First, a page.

Many people I talk to want to be rich. They even read my books and have an understanding of what it would take for them to reach their financial goals. But they lack the discipline to become rich. They may come to a seminar and leave excited about, and committed to, building their asset column and financial education, only to have their bad financial habits derail them.

For instance, they may want to set aside money for investing every month, but then they see a sale on some shiny new object they've wanted for a while. "I'll start investing next month," they say. "I need to get this now so that I'll save money." Then, when the next month rolls around, they realize that they've gone out to eat a little too much and that they won't have any money left over after paying their bills. "I have to pay my bills," they reason. "I'll start investing next month." Then another month comes and they're in the same predicament. Before long, they give up on their goal of investing and let their bad habits win.

Rich Dad said that the rich had a very simple way of breaking bad money-habits. "The poor pay themselves last, and that is why they're poor," he said. "But the rich pay themselves first, and that is why they're rich."

The difference between rich dad’s budget and yours

Rich Dad's budget was different that most people’s because he treated his asset column as an expense—and his most important expense. Every month, no matter what, he put money aside for his investments, even if he didn't have enough money for his other bills. 

As a young man, I didn't quite understand.

"Are you saying you don't pay your bills?" I asked.

"Of course not," said Rich Dad. "I firmly believe in paying my bills on time. I just pay myself first...before I even pay the government."

"What if you don't have enough money?" I asked.

"I still pay myself first," said Rich Dad.

"But don't they come after you?"

"Yes," said Rich Dad. "That's why I always find a way to pay."

How budgeting motivates the rich

For Rich Dad, paying himself first motivated him to work harder and smarter to make sure to pay his bills and creditors. He used the fear of not being able to pay his bills, sometimes a situation created by paying himself first, to motivate him to make more money. He worked extra jobs, started companies, traded in the stock market—anything he could to make sure he met his obligations. After paying himself first, he used the pressure from creditors to form good money habits.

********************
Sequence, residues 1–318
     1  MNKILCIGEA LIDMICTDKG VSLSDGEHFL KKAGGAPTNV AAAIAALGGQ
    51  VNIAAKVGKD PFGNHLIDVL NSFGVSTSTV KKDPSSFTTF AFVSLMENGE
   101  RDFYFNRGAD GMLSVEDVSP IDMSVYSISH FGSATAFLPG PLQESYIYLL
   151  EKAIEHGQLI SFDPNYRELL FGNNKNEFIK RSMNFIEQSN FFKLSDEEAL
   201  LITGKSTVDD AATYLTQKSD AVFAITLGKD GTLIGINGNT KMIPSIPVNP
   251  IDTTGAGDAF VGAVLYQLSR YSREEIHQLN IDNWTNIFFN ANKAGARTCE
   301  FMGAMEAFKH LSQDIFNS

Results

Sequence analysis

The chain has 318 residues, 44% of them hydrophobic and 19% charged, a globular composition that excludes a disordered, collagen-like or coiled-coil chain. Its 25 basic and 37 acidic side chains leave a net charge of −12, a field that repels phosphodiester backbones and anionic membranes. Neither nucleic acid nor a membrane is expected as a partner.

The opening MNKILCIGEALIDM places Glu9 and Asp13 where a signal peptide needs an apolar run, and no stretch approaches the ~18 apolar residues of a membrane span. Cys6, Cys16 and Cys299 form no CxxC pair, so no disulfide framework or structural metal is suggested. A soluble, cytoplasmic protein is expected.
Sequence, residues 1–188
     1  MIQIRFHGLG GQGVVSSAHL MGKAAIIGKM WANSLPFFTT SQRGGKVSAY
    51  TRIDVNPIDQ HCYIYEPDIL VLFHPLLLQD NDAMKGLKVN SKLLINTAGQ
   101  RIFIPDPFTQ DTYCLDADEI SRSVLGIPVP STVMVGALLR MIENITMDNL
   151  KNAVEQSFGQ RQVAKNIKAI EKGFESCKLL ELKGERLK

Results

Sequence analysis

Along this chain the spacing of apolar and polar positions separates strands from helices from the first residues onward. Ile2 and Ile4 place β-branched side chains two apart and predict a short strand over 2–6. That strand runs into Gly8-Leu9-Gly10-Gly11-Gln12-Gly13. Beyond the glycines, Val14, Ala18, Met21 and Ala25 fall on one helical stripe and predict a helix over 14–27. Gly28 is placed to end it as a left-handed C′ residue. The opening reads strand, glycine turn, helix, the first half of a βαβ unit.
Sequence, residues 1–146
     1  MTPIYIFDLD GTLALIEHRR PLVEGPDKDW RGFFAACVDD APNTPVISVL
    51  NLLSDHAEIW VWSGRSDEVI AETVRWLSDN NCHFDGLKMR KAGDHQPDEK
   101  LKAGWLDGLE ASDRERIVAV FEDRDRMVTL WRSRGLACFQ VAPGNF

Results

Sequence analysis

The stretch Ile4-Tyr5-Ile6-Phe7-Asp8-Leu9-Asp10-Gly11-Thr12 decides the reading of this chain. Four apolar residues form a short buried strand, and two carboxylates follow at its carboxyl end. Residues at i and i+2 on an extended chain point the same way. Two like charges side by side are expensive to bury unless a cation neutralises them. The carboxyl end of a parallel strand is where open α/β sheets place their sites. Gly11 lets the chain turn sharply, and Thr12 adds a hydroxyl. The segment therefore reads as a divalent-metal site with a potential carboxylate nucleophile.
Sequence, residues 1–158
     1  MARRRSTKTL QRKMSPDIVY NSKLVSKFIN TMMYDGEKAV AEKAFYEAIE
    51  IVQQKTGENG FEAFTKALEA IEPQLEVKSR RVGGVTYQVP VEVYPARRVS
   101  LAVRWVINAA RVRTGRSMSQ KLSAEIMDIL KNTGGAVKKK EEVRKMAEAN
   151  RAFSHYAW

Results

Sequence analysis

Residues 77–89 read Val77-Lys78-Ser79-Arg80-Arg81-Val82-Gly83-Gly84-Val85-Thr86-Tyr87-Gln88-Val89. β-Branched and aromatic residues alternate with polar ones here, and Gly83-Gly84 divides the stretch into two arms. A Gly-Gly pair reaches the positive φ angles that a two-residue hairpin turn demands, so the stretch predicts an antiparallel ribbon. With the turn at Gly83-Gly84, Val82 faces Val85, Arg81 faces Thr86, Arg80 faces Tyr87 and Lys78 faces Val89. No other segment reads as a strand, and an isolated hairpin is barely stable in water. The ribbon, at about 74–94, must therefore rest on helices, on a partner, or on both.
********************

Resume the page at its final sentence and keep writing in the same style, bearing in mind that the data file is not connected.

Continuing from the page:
"If I'd paid myself last," said Rich Dad. "I would have felt no pressure...but I'd also be broke."

Kim and I put Rich Dad’s advice into practice early in our marriage. We found that, just as Rich Rad had promised, we learned to get motivated to find creative ways to make money. In the process, we learned more about ourselves and how to make money out of thin air.


Wednesday, February 3, 2016

Childrens Education needs to include Financial Education

The biggest corruption of all is school. Why dont we teach kids about money? Why dont we tell them the truth? Our school system is corrupt..Why don’t you teach them about money? But (they) will say, ‘no, no, no, money is the root of all evil’ but I say, stupidity is the root of all evil. Kids are very smart, especially today. Given the right financial education, they’ll turn into leaders..So, give the child a choice.



Robert Kiyosaki is a Japanese American investor and author of popular book 'Rich Dad Poor Dad' where he wrote of his two dads. His rich dad taught him to think differently, inspired and helped him get rich on his own.

Monday, February 1, 2016

The flaw with US unemployment numbers

The US started this global economic downturn. Barack Obama says US unemployment is five percent. I think it is 19 or 20 percent. In America today, if you have a job for one day, you’re not statistically included as ‘unemployed.’ 

Nothing has changed since 2007; the only thing which has changed is how we use derivatives. Our countries — your country and my country — are led by crooks, by highly educated poor people.





Robert Kiyosaki is a Japanese American investor and author of popular book 'Rich Dad Poor Dad' where he wrote of his two dads. His rich dad taught him to think differently, inspired and helped him get rich on his own.